We have all heard SO many times that we — our senior loved ones and us — should be eating a variety of the right foods each day to be sure to get the nutrients needed to stay healthy.
Unfortunately, as we know all too well, this is not always the case for a variety of reasons, some as simple as the our chosen food preferences or the decreased intake that many experience in older years. For too many, nutritional deficiencies are a matter of economics, resulting from trade-offs that are made in order to cover expenses.
Your senior may need additional sources of essential nutrients in the form of supplements.
Common Supplements for Seniors and Reasons to Take Them
- Vitamin E – this antioxidant vitamin helps protect cells from damage. Caution if you are taking a blood thinner since this may increase bleeding risk.
- Vitamin C – essential for growth and repair of tissues especially during healing, it may shorten your cold but no evidence that it prevents one at this time.
- Vitamin B12 – helps keep your blood cells and nerves in good health, difficult for seniors to absorb B12 from foods which could lead to balance problems/falls.
- Vitamin D – helps you absorb calcium for strong bones and teeth.
- Calcium – builds and maintains strong bones and teeth, helps with blood clotting too.
- Vitamin K – helps your blood clot and also works to keep your bones strong. Caution if you take blood thinners.
- Omega-3 fatty acids – helps with blood clotting and muscle function. Has shown to reduce your risk of heart disease and second heart attacks but may interact with your blood thinner.
- Potassium – helps control blood pressure, essential for heart and kidney function; together with sodium it maintains your body’s fluid balance.
- Magnesium – helps keep your immune system strong, regulates heart rhythm, and may help decrease high blood pressure for women.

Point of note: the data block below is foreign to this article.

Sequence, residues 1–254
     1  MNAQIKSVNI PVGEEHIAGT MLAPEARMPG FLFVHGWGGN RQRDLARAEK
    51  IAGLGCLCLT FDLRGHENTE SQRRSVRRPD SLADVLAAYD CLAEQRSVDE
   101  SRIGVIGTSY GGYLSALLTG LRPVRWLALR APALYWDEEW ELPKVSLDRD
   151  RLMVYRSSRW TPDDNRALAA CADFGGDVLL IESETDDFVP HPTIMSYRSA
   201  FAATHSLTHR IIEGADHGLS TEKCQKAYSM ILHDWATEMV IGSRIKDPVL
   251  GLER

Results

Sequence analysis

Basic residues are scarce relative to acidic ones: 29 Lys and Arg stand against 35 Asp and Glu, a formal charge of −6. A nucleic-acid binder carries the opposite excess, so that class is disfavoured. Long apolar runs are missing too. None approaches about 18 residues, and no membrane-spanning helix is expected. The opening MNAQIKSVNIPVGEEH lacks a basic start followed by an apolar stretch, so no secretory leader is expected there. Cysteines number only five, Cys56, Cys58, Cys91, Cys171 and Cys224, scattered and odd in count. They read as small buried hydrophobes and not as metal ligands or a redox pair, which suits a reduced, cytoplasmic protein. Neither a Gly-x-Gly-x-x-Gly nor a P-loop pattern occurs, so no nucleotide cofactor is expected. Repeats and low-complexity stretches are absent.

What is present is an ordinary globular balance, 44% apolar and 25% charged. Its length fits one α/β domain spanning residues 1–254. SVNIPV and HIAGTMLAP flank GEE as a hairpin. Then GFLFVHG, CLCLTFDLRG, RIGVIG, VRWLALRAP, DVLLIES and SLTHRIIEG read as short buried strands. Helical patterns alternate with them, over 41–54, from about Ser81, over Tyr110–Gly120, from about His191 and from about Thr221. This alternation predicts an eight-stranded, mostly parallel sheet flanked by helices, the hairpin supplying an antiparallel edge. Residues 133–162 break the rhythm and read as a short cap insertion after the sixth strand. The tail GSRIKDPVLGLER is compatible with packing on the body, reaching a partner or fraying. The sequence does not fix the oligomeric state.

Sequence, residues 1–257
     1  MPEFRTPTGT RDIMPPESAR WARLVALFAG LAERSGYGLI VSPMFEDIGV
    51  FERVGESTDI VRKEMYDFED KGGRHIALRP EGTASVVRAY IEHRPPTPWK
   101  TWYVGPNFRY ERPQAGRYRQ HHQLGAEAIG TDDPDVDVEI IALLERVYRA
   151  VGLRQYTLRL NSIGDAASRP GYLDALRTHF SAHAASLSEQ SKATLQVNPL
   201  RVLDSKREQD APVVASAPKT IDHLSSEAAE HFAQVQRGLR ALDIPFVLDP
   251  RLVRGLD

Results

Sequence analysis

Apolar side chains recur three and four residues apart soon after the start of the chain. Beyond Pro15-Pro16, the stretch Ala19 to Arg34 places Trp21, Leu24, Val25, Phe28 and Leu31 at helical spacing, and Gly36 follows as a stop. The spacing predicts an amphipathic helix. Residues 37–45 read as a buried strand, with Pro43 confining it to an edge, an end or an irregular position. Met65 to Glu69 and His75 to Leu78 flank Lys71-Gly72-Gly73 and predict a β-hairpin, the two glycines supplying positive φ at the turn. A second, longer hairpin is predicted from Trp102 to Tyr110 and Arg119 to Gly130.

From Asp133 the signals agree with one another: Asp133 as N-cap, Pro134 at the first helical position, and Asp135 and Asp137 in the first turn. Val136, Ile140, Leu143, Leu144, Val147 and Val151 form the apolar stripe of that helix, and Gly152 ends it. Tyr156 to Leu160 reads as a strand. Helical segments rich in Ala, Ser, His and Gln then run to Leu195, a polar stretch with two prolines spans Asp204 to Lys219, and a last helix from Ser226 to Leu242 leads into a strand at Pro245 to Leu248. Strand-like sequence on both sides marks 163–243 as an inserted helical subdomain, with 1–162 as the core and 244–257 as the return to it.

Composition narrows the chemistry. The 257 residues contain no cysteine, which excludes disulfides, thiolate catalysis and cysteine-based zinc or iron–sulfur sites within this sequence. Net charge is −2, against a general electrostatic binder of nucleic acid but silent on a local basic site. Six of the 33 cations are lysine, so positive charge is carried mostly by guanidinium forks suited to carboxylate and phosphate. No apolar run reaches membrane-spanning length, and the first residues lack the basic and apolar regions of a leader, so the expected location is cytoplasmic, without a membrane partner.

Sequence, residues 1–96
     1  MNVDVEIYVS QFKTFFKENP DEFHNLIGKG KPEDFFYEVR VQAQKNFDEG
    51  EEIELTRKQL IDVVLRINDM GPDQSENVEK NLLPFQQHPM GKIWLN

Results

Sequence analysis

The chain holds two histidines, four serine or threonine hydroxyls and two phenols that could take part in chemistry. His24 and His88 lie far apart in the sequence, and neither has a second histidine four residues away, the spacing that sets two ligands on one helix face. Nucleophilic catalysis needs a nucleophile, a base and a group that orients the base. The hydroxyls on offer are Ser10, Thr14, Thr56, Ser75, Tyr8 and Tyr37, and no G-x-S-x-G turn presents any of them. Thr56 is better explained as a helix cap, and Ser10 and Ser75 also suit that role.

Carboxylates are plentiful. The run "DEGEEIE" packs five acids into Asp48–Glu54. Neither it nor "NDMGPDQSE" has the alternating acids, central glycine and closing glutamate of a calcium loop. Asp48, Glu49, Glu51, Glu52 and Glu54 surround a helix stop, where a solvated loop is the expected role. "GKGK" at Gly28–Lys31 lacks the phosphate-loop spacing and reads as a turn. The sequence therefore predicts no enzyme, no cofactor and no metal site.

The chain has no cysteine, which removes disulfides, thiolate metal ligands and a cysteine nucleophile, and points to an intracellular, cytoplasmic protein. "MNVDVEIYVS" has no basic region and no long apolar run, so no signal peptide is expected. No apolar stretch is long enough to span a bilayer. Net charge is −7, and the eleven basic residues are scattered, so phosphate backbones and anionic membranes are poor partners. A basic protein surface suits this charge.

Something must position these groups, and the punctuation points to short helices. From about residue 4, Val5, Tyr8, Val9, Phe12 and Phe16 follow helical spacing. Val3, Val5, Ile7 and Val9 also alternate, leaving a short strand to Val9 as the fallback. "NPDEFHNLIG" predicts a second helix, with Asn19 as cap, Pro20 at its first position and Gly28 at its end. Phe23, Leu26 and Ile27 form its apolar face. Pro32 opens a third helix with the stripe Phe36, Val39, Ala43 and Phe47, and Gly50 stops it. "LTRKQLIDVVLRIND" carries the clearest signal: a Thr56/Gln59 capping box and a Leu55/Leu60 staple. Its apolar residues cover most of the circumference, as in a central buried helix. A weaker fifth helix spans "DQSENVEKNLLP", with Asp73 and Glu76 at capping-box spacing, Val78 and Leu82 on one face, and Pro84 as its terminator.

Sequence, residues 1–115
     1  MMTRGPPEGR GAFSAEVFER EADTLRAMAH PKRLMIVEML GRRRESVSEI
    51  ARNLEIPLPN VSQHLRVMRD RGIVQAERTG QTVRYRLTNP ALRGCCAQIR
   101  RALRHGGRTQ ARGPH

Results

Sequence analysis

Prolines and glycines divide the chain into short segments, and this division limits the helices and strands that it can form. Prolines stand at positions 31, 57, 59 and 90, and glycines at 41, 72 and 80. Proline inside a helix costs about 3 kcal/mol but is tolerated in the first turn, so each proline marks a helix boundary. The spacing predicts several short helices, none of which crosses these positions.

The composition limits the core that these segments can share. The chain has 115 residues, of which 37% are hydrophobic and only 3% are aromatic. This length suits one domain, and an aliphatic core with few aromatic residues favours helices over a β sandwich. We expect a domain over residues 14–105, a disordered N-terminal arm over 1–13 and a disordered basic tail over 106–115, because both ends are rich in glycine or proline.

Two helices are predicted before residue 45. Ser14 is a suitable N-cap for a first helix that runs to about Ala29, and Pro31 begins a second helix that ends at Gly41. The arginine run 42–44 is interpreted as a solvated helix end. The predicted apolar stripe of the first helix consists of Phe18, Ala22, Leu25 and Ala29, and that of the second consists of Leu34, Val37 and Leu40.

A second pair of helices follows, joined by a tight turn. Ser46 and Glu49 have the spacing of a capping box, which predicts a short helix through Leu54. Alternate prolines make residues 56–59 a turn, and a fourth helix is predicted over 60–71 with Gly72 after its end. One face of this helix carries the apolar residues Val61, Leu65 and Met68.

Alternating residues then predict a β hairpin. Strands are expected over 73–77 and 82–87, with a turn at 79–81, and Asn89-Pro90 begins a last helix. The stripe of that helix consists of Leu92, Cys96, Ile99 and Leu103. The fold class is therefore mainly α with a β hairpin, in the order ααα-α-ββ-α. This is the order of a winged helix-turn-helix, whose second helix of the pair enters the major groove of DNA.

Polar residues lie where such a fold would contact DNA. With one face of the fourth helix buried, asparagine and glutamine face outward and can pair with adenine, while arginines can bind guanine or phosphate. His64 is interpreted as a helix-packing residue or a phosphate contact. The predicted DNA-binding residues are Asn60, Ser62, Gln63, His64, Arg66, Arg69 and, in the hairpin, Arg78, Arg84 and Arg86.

- Vitamin B6 – helps create red blood cells and strengthen your immune system, caution in high doses as it may cause damage to nerves resulting in trouble walking.
- Folic acid – helps red blood cells, folate is the form in food, and caution high levels may mask a Vitamin B12 deficiency.
- Selenium – helps prevent cell damage, may reduce risk of cancer.
Don’t forget to check with your senior’s doctor before they take anything which may interfere or cause harm when taking prescription medications. Always purchase supplements from a trusted source because nutritional supplements are unregulated and may not contain what you think, which could be a waste of money but worse a risk to your health.
Never stop taking a doctor prescribed medication on your own because you think a supplement can replace it. If you have any questions, talk with your doctor or registered dietitian. Take supplements according to recommended amounts because too much of a vitamin or mineral can lead to negative side effects and toxicity. Remember to store vitamins and supplements safely up and out of the reach of curious grandchildren.
Remember that supplements should be just one part of a healthy lifestyle approach, one that includes a healthy diet and staying active.
Do you have more nutrition questions? We would love to help bring you the answers you need – so ASK AWAY!